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Credit where it’s due, or face poverty crisis

Hill of beans:
Noble aims of
Universal Credit
mean nothing if it
fails poorest PIC: GETTY

A SIMPLIFIED welfare system where you’re guaranteed to get more money if you’re in work than out of it sounds like an idea that everyone can get behind.

The principles of the government’s Universal Credit scheme — which consolidates benefits into a single monthly payment — are very noble.

As so often, however, it’s the implementation that’s the problem.

Millions who are already on the breadline could lose as much as £200 a month. For people trying to budget so they can put healthy meals on the table for their kids, or the elderly who are desperate to turn on the heating as the weather gets colder, that’s an awful lot of money.

Universal Credit was intended to ensure there was fairness in the system and it always paid to be in work, but fell victim to budget cuts which made fulfilling its aims much harder (for politicians who want to balance the books, finding savings from the welfare budget can seem like the easy answer).

Now a potential crisis is looming. Last week on Sophy Ridge on Sunday, shadow chancellor John McDonnell announced that Labour would scrap the system, piling more pressure on the government.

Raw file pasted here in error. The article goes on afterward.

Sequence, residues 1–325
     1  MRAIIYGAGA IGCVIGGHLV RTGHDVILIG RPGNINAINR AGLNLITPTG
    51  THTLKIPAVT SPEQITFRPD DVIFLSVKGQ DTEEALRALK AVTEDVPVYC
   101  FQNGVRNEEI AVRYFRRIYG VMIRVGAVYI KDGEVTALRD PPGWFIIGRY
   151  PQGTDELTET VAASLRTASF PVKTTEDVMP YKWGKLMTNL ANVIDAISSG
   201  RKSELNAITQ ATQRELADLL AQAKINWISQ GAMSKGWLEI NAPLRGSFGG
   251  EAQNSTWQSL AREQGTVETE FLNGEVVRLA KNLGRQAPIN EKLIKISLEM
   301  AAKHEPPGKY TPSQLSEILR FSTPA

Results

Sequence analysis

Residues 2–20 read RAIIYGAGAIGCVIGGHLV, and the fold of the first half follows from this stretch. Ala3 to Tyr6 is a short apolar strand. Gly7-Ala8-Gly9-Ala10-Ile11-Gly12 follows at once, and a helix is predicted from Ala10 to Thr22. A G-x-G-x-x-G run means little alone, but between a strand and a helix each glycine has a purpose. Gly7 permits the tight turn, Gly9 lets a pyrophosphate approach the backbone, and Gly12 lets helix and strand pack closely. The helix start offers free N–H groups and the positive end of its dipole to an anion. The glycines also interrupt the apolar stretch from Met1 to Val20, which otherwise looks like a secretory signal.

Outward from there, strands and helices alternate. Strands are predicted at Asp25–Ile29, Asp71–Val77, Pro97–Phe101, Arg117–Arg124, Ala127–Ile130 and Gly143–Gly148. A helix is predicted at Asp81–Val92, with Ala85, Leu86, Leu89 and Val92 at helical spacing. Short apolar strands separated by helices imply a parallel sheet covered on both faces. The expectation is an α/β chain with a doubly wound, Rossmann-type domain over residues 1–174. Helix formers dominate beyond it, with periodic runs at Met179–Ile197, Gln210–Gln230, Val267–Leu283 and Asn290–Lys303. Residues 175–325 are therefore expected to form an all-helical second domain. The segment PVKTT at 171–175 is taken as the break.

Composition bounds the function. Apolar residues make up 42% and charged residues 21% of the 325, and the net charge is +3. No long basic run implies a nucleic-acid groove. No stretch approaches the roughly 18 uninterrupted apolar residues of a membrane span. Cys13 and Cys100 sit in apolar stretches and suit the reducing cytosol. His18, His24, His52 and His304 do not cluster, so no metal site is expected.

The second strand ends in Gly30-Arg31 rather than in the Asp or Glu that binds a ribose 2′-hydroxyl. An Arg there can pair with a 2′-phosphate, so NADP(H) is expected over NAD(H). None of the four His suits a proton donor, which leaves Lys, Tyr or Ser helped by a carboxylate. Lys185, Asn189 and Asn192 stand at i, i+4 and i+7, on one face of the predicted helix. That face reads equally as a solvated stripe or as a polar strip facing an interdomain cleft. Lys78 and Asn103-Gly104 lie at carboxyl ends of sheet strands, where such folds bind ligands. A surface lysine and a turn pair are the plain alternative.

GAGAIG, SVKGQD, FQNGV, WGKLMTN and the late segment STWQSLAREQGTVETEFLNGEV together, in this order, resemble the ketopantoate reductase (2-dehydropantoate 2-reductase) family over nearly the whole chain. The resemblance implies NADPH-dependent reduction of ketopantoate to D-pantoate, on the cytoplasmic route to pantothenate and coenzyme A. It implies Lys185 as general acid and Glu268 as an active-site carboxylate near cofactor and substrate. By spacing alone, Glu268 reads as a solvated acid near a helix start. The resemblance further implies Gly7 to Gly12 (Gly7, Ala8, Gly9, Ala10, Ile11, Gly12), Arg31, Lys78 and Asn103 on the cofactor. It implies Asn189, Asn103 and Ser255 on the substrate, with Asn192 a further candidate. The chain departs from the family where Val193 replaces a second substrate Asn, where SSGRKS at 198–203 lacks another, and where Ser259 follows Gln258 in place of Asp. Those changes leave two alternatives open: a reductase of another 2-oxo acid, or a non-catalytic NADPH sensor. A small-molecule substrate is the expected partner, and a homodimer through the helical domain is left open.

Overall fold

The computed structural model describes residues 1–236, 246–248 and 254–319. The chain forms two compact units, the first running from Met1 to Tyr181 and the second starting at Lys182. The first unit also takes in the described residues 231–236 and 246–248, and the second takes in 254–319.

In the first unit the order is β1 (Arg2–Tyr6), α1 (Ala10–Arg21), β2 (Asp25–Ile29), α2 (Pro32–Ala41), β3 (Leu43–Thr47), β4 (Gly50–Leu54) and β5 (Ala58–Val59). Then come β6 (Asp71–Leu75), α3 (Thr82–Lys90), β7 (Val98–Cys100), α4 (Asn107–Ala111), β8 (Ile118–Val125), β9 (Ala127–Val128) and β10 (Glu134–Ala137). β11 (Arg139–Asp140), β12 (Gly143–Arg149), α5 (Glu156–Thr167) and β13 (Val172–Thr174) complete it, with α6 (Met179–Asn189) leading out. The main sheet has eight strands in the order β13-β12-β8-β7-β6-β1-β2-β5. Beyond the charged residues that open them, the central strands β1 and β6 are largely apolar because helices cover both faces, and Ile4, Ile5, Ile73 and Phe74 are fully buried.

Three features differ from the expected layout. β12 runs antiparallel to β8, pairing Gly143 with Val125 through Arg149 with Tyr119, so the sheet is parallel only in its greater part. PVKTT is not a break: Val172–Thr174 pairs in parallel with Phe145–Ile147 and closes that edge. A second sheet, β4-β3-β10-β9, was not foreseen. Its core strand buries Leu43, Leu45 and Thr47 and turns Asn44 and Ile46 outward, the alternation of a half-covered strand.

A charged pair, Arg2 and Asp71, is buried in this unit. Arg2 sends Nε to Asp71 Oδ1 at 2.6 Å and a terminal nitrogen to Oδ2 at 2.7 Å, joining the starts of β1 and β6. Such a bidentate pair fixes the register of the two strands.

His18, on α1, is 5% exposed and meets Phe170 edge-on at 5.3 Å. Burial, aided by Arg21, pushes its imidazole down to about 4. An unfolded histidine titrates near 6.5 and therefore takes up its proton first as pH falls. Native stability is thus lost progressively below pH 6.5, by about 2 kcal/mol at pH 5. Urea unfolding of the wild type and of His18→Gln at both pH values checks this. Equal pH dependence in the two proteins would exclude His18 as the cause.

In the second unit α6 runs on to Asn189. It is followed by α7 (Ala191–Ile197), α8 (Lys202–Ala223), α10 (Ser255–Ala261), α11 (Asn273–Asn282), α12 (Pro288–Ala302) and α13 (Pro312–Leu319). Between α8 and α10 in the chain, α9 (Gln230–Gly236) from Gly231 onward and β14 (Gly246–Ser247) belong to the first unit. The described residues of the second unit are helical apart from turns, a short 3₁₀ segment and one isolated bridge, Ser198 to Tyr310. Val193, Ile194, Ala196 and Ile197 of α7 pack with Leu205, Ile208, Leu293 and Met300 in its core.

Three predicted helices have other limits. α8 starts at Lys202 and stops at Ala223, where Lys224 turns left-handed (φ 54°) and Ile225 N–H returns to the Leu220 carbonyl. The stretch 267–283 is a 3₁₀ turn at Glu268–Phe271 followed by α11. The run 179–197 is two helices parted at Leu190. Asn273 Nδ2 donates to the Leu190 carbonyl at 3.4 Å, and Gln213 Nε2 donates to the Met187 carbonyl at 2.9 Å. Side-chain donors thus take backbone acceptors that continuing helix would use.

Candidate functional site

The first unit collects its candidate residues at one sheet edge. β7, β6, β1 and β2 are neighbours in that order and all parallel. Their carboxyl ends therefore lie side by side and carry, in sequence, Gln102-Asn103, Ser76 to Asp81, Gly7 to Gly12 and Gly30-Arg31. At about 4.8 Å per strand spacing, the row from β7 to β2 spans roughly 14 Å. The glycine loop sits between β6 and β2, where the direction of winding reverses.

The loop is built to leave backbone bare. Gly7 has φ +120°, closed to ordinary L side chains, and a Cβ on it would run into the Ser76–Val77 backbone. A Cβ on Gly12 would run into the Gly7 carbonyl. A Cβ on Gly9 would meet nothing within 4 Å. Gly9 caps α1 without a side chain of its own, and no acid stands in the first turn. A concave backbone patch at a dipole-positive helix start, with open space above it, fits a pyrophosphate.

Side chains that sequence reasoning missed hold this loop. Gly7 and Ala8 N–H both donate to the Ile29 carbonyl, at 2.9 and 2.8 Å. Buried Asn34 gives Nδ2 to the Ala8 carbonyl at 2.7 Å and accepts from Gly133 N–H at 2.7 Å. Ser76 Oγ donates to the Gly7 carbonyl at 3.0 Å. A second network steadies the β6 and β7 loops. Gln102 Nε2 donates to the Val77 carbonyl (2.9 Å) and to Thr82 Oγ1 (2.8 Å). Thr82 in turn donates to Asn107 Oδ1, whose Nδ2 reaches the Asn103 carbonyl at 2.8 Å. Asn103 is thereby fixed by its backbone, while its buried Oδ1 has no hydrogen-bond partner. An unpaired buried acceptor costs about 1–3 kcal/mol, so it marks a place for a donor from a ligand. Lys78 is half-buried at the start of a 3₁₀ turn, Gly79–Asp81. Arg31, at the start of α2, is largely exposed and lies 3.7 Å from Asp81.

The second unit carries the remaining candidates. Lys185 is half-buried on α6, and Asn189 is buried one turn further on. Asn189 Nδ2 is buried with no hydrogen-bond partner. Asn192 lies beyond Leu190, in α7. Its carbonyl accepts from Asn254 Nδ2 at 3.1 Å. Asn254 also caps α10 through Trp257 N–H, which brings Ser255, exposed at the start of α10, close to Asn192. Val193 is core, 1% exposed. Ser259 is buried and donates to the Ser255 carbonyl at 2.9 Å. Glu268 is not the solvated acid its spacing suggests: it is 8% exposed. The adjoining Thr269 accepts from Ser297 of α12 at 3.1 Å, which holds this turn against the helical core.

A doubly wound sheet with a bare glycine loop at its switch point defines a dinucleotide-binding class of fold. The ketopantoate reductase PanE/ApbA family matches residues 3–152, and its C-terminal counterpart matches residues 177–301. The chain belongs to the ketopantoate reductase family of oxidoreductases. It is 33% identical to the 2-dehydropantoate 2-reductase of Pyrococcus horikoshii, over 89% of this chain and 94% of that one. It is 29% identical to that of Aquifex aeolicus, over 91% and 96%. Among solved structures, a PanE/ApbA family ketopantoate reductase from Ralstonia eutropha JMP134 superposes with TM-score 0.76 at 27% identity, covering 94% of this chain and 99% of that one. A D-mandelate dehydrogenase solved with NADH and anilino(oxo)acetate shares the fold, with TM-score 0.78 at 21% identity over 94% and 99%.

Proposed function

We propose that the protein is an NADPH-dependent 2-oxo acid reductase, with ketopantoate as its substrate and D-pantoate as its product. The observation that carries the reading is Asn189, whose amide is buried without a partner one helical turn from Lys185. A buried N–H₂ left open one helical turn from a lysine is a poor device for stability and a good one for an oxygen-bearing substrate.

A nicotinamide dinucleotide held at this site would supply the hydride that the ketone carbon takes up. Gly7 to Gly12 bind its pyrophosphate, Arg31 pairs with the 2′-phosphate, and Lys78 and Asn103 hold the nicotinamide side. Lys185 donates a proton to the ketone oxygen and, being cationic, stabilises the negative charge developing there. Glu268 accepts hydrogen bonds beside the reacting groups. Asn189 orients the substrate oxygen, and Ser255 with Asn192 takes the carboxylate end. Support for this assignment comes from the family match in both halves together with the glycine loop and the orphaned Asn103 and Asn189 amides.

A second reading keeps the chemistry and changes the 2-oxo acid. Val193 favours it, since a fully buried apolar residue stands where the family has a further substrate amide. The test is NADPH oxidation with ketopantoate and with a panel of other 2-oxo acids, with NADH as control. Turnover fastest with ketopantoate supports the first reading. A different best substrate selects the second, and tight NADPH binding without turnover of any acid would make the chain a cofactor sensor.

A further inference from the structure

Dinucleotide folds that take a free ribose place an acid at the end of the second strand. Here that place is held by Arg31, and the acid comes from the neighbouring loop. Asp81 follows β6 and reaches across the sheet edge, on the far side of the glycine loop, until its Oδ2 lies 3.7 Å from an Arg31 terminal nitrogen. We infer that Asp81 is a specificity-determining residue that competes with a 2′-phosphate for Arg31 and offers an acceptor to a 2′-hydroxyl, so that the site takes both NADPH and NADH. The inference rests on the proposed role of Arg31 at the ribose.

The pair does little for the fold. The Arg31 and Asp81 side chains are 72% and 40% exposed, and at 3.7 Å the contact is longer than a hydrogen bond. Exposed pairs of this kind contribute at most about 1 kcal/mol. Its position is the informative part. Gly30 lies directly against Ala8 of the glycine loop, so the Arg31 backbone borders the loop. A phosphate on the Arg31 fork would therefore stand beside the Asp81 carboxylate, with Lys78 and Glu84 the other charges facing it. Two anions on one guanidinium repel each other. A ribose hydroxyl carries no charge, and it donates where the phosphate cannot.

At the moment, those on Universal Credit tend to be young people without children — the easiest group to deal with. But next July an extra 2million people will be moved onto the system, including around a million working families and 750,000 people unable to work through illness or disability.

Theresa May has said low-income families will be protected and the roll-out will be small scale to make sure they get it right. The government also credits the system with helping achieve record employment levels.

If the problems in the system aren’t resolved, however, some of the lowest paid people could suddenly find life a lot harder. With Brexit all-consuming, the government can’t take its eye off the ball where Universal Credit is concerned. Is the new system really about helping people into work, or saving cash? It’s the kind of issue that elections are decided over.

Our saviour: Bono, pictured with EC president Donald Tusk, can help us ‘feel’ Europe PIC: EPA

Thank U2: Bono can fix Brexit

FINALLY someone has come along with a solution to heal the bitter Brexit divisions.

On a trip to Brussels, U2’s Bono said: ‘As an artist, I think I probably have a role to play in romancing the idea of Europe and help seeing it as something warm-blooded. Europe is a thought that needs to become a feeling and I am in service of that.’

How wonderfully self-sacrificing from our Brexit saviour…

Diversity is not just for womxn

THE Wellcome Collection — a museum in London — apologised yesterday for using the word ‘womxn’ in a marketing campaign.

At the time they explained the change in spelling by saying it was designed to signal inclusivity and ‘diverse perspectives’.

I look forward to the word ‘mxn’ being used in the future… or is it only women who are expected to change to include ‘diverse perspectives’ while men get to stay exactly the same?

Doncaster-bound to see what kind of Brexit they want

FOR Sophy Ridge on Sunday this week, I’m travelling to Doncaster in Yorkshire, where seven out of 10 people voted to leave the EU. I’m keen to find out what kind of Brexit people were hoping for. Would they prefer a no-deal scenario to a compromise? Let me know your thoughts on Twitter too @sophyridgesky. We’ll also interview Labour MP for Don Valley, Caroline Flint, on the 9am Sky show.